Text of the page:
For years, Lowy says he kept his ticket to Woodstock, but it got lost somewhere along the way. “I could just kick myself,” he says.

Texas Lawyer senior reporter John Council, who almost saw The Who in 1982 in Dallas on its then-farewell tour but wimped out at the last minute, e-mailed Lowy some questions to ponder. Here are his answers, edited for length and style.

Judge Marty Lowy
101st District Court
Elected to the Bench: 2006
Age: 59

Texas Lawyer: What do lawyers do in your courtroom that drives you absolutely insane, beyond the normal not being prepared for a hearing, showing up late or arguing with each other?

Judge Marty Lowy: They repeat things way too much. They repeat things way too much. They repeat things. . . .

TL: Are there any peculiarities about the way you run your courtroom that lawyers should know before darkening your door?

Lowy: See answer No. 1 above. Nine times out of 10, I will have read your motion papers and won’t want to hear them recited as oral argument. I have a very low tolerance for lawyers who come to court with discovery disputes that they haven’t actually discussed with one another — sending two or three snarky e-mails is not my idea of a legitimate attempt to confer before filing a motion.

TL: What was the transition from advocate to jurist like for you?

Lowy: I didn’t feel like the transition was too difficult. After 27 years in practice, I had some fairly firm ideas about how a judge should do his or her job. I do still fight a tendency to talk too much on the bench.

TL: What aspect of your job makes you uncomfortable?

Lowy: Having to rule against pro se litigants who may have a legitimate issue but have no idea how to present it in compliance with the rules.

TL: If there is one thing a lawyer should know about how you run a trial, what would that be?

Lowy: See answer No. 1 above. I try to be protective of jurors’ time while letting the lawyers try their case without undue interference. I prefer not to interrupt a lawyer in the absence of an objection, but there are times when an occasional “asked and answered” would be welcome. For trials expected to last more than two or three days, I often impose time limits, but they will be consistent with the lawyers’ estimates of the time required.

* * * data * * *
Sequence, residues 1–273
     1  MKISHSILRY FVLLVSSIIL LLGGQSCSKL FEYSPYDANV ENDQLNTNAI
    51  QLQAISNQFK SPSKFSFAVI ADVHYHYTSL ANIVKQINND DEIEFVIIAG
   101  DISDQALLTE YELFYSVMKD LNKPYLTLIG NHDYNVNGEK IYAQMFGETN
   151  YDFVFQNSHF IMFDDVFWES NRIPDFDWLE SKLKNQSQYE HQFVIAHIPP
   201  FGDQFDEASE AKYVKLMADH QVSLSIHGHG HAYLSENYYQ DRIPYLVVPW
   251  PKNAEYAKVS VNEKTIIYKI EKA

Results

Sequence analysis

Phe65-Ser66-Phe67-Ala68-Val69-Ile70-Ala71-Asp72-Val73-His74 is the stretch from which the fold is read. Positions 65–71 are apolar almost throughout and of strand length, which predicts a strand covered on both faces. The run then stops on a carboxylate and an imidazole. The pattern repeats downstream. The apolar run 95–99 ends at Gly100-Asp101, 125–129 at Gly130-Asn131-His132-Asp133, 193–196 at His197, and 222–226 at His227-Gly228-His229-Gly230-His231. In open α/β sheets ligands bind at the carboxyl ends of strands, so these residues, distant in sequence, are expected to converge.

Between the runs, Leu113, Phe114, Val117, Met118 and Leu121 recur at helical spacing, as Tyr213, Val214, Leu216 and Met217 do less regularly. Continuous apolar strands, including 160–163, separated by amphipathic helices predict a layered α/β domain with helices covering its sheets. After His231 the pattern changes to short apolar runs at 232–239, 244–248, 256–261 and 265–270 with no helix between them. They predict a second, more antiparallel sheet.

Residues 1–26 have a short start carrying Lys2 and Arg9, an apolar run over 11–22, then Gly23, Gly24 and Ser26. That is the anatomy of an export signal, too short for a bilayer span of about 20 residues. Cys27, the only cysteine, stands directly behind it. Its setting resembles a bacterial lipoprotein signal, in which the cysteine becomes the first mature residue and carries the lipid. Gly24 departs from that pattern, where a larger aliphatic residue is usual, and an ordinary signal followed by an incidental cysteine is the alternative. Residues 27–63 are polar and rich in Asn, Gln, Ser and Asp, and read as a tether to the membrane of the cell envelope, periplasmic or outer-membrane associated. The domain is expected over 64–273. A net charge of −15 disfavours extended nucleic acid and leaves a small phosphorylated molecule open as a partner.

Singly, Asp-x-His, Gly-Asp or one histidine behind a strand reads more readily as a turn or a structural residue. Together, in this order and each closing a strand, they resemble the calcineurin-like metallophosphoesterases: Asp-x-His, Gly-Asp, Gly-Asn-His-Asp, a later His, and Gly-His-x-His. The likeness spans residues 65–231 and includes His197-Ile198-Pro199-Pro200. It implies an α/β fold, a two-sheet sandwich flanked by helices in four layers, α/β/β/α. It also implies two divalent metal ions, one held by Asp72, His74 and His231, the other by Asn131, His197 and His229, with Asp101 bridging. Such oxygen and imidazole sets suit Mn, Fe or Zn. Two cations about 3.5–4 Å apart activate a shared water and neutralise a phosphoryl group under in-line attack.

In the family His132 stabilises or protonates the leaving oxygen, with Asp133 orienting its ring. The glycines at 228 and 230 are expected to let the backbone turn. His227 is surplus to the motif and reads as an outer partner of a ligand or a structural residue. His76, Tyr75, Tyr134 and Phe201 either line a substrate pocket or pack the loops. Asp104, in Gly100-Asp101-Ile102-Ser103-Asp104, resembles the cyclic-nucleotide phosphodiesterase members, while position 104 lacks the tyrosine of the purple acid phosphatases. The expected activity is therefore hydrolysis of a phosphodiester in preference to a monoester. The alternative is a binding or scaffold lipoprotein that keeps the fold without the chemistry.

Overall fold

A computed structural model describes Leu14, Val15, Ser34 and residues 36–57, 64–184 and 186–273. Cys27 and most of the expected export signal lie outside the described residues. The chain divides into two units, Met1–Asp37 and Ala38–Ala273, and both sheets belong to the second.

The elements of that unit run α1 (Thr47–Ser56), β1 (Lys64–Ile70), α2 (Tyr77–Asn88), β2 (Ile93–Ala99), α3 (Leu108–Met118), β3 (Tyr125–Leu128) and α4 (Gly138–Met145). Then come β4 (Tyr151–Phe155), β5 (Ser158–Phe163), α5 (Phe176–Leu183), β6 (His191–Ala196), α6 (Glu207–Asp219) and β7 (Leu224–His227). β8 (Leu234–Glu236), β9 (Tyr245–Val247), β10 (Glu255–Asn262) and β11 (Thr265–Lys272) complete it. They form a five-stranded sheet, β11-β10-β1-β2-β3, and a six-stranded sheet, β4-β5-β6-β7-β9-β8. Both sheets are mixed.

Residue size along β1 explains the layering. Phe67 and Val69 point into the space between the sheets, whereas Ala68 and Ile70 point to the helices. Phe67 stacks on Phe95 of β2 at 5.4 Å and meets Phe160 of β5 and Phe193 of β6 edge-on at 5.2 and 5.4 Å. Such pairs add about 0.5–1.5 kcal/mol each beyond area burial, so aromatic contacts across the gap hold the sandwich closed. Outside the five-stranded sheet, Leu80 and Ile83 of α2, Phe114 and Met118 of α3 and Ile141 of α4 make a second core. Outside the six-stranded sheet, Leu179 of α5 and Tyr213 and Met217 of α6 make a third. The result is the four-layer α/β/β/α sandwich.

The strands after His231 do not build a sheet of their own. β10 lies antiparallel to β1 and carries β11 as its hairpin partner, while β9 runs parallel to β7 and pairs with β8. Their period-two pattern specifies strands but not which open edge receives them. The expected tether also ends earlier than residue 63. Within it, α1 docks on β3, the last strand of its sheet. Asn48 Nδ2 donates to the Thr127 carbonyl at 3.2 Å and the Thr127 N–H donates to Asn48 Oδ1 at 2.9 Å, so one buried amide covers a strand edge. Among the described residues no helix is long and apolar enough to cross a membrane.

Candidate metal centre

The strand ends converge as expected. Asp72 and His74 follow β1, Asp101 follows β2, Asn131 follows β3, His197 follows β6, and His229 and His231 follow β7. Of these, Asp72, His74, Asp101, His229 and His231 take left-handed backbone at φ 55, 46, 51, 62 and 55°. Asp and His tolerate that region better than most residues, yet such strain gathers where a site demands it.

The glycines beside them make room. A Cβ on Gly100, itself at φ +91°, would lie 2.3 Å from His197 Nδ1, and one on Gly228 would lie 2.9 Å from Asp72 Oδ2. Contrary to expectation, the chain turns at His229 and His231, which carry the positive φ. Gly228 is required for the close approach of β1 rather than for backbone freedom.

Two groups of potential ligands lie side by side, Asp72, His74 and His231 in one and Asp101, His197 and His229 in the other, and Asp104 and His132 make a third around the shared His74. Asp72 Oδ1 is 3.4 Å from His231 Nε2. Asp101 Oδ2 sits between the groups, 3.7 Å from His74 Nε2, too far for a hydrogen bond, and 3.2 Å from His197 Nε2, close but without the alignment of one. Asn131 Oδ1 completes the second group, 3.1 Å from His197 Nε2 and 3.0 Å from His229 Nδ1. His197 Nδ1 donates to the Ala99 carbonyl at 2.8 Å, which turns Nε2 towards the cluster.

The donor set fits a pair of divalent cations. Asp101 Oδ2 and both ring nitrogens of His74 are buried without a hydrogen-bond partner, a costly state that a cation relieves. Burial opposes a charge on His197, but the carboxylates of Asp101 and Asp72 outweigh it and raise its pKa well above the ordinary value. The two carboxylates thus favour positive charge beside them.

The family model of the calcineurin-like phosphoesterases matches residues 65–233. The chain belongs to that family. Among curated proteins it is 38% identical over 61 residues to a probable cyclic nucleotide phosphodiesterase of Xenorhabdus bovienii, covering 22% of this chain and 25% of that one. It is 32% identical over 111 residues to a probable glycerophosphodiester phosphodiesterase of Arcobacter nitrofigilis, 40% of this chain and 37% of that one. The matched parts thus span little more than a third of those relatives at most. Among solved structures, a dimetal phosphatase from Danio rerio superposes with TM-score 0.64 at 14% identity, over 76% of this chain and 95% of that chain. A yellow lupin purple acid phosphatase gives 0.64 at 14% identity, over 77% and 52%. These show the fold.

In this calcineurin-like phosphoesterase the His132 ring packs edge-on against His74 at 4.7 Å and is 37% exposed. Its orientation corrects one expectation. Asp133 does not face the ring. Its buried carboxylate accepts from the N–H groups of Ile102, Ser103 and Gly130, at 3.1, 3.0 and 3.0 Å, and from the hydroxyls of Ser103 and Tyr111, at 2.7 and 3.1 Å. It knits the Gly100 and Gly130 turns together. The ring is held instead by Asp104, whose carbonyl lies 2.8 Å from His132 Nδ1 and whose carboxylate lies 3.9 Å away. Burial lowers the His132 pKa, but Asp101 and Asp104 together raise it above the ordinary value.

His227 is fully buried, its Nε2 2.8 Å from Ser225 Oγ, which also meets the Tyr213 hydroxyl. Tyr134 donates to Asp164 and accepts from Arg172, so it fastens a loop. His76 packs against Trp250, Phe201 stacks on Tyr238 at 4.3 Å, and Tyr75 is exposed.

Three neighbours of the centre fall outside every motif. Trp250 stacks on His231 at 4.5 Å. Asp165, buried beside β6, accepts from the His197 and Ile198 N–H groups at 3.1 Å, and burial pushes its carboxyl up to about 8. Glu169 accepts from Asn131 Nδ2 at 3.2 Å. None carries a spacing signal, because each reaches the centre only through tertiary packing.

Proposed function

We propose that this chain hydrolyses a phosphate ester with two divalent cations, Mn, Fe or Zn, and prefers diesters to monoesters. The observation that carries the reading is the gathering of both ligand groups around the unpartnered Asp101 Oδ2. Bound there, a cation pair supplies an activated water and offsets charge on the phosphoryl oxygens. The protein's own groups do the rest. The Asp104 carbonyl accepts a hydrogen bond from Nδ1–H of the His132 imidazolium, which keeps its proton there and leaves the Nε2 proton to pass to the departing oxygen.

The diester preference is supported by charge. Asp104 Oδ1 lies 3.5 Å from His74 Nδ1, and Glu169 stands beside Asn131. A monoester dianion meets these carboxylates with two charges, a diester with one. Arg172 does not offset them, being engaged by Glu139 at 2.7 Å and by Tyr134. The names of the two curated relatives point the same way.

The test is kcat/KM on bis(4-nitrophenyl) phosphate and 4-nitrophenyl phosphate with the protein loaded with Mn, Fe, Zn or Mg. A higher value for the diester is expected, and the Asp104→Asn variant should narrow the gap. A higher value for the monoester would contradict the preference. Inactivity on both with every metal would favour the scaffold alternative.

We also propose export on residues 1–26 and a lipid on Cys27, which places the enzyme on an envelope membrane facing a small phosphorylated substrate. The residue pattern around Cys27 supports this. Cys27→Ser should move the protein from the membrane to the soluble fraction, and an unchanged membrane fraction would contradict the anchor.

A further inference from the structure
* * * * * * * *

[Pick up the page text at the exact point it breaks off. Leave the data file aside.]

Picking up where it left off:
TL: What kind of case is your least favorite to hear and why?

Lowy: Business disputes where the attorneys’ fees have overwhelmed the amount in controversy. I think they put the profession and the system in a bad light.

TL: What is your fondest memory of Woodstock?

Lowy: The Who performing “Tommy” on Saturday night. Close second: Jimi Hendrix playing the “Star-Spangled Banner” at sunrise on Monday.

TL: Was that music festival as definitive of the 1960s as people like to make it out to be?

Lowy: I don’t think so, although if as many people had actually been there as now claim they were, it might have been more so.

TL: Which performance was the best in your opinion and why?

Lowy: Again, my personal favorite was The Who. I put Roger Daltrey [The Who's lead singer] up there with [Mick] Jagger and [Bruce] Springsteen on the charisma charts. There’s never been another rock drummer as frenetic as Keith Moon. And “Tommy” is a great piece of work.

TL: And finally, this question must be asked because everyone will want to know. How was the legendary “brown acid”?

Lowy: You’d have to ask somebody who tried it.

“Approach the Bench” is a periodic column in Texas Lawyer.